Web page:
The seventh generation marked a distinct shift from the earlier two centuries. The Industrial Age brought big changes to business, transportation, government, the military, lifestyle, and of course to the university. The quarter-century from 1890 to 1915 changed nearly everything about American higher education. Most of all, the university system standardized and then grew. The average American college or university in 1870 had ten faculty and ninety-eight students; by 1910 the average was thirty-eight faculty 374 students. Schools already had programs in ministry, law, medicine, teaching and agriculture; they now added engineering, business, dentistry, art, architecture, music and various other specialties. Administrations grew large, sometimes larger than the faculty. Universities broke into numerous colleges, and colleges divided into departments. The four year curriculum offered a classical education for the first two years followed by two years of job or career training.

This trend continued during the “nationalization” generation from 1915 to 1945. Accrediting agencies enforced the standardization of the curriculum, and many schools became interchangeable. Enrollments doubled. The number of colleges proliferated. To the old college system was added junior colleges, teacher colleges, and urban universities for the middle class. As demand grew, the older and more prestigious schools adopted a selective admissions system.

The stage was set for the huge growth of the 1950s spurred by the return of thousands of young men from war along with the GI Bill. In this ninth generation of American higher education, from 1945 to 1985, college became a possibility for almost everyone. The first two years of classical education were dropped in favor of a full four years of job training with only shallow general education courses, and graduate degrees proliferated. With the widespread system of American colleges and network of degrees, faculties and accrediting agencies, college became a norm of American life and job preparation.

The tenth generation completed the industrial age expansion. Colleges and universities had long since stopped being a check on business and government, instead choosing to become extensions of the government-industrial-corporate complex. Indeed, during this period schools decided that they were businesses like any other business, simply responding to market needs in order to survive and grow. The new mission of most American colleges and universities, regardless of their published mission statement, was “to effectively deliver whatever the market demands.” While perhaps viable as a mission statement, this left much to be desired for the institutions that once considered themselves “hallowed halls of learning” or great “promoters of freedom and knowledge.”

Current Trends in Higher Education

We are now in the eleventh, generation of American higher learning. Excoriated by Allan Bloom’s The Closing of the American Mind and a host of other polemics outlining the decline of higher education, the universities nevertheless flourish in the market—for now. The leading current trends in higher education include:

  • A central focus on market branding (selling the name of the university in order to attract clients)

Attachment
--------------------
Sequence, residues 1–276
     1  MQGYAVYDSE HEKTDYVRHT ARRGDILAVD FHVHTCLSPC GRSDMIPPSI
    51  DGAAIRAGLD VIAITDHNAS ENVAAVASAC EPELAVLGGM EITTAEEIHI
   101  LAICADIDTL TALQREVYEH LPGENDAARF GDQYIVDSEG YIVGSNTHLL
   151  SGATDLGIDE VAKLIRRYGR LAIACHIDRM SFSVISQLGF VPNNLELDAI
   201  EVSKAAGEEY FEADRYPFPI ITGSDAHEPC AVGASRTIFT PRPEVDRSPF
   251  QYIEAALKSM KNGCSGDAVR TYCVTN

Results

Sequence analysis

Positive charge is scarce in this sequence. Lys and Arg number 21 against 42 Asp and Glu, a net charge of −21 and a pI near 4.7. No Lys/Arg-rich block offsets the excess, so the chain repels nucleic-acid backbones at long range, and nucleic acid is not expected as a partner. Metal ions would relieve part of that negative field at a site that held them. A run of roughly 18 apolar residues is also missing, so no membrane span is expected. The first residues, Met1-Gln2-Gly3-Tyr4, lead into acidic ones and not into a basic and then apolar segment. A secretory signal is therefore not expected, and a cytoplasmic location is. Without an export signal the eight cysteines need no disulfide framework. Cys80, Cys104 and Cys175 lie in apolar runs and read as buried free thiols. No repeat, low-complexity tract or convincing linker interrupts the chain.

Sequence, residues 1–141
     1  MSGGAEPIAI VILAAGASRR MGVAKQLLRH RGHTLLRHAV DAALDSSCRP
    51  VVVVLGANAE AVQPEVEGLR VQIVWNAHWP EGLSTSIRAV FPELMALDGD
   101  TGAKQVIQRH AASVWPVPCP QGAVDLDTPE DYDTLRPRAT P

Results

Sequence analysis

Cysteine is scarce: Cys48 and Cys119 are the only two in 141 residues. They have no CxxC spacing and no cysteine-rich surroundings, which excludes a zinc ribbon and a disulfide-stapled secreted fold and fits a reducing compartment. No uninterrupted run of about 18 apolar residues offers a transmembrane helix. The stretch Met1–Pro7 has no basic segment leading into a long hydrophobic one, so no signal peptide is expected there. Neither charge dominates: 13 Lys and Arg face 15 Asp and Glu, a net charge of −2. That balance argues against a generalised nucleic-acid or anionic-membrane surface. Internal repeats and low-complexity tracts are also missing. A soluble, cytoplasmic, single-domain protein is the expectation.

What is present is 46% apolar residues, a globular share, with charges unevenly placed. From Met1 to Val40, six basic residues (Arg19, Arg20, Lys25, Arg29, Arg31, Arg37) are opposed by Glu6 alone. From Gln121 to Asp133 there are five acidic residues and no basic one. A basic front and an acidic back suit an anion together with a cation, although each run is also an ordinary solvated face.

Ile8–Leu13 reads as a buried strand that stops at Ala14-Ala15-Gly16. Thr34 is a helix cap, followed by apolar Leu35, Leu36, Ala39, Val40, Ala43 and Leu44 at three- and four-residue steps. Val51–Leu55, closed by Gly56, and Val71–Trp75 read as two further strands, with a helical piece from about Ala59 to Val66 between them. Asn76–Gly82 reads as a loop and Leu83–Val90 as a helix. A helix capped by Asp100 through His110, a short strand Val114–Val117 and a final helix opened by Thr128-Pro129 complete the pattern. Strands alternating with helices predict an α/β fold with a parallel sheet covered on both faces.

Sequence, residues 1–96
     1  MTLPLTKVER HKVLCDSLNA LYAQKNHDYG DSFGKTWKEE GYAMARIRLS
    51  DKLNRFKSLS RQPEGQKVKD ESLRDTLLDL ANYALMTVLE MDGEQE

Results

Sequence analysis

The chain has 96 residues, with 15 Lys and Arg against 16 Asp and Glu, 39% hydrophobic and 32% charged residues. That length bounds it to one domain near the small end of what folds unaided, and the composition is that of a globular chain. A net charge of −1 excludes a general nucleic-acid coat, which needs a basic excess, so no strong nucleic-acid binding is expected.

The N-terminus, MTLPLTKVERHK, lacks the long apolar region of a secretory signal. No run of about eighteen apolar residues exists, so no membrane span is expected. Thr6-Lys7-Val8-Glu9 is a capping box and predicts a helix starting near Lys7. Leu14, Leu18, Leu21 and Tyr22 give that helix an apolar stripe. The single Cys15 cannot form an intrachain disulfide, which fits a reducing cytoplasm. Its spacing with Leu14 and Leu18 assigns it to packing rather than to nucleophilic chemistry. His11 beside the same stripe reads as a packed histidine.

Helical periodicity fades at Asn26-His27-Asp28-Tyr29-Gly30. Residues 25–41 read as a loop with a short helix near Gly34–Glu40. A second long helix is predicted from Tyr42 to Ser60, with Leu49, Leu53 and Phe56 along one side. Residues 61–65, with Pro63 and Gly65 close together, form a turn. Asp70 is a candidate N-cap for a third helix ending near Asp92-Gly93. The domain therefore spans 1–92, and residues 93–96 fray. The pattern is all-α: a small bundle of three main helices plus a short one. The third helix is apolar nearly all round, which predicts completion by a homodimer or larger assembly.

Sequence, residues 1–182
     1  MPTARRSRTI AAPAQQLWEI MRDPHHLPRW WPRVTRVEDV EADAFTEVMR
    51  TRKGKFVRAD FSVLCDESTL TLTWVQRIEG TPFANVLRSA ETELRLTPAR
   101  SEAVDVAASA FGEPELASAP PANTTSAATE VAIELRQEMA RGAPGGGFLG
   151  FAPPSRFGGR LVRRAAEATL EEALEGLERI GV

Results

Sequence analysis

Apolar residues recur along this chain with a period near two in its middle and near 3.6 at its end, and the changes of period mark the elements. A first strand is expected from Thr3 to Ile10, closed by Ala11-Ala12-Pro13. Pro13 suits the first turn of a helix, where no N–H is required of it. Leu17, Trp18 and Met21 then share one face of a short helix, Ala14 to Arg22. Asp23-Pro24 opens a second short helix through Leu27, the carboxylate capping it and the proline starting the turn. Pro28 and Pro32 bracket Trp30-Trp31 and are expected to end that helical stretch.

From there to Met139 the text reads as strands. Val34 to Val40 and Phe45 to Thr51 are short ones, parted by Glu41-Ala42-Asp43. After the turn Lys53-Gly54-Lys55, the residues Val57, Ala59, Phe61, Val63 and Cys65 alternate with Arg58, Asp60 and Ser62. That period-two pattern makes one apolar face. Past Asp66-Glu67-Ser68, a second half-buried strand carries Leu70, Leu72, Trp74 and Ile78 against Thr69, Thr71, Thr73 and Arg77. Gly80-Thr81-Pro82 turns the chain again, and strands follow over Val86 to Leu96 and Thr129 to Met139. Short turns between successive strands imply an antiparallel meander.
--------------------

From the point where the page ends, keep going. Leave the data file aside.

• Hiring of academic superstars
  • Research contracts over teaching (during the 1980s and 1990s, the priority was publishing over teaching)
  • The deterioration of academic standards
  • The degradation of the humanities and liberal arts
  • Running departments as profit centers (e.g. running the English Department or Art Department like the Athletic Department)
  • The increased use of technology as a replacement for direct student-teacher interaction
  • School leaders are now businessmen, not educators
  • Teachers are now on par with factory workers, often paid less
  • “Can” has replaced “should” as the governing value of most schools
  • Accreditation agencies often follow all these trends themselves; all of higher education seems to see the market as the ultimate source
  • The new goals of schools are to have the highest cash flow and the highest average graduate income rate
  • The rise of for-profit schools (with some positive results, but also speeding up negative trends)

From a market perspective, all of these trends may be positive. In terms of education, learning and national freedom, however, this is a disaster. Make no mistake, a generation of conveyor belt politicians and bureaucrats will never be a generation of statesmen. Without a superb knowledge of history, our leaders will repeat its worst mistakes. Without a foundation in the greatest ideas of mankind, our leaders will act only based on the market with today’s market report taking the place of the Bible or other central classics. Truth will be replaced with power and then force. Perhaps the strongest proof of this direction is how few modern Americans even realize or believe it.

Ironically, even the market leaders in modern academia realize that their day is over, that if the industrial age is ending then the universities must drastically change. There are currently four major views about what lies ahead for America:

The Social Conservative View is that our society will face drastic challenges in the years ahead, economic problems, societal decay, major conflict and “hard times.” In this view, we must prepare for the coming tough times by being smart, frugal, and judicious today. Good times will come again after a period of crisis, but our focus should be to adequately prepare our nation for the crises ahead.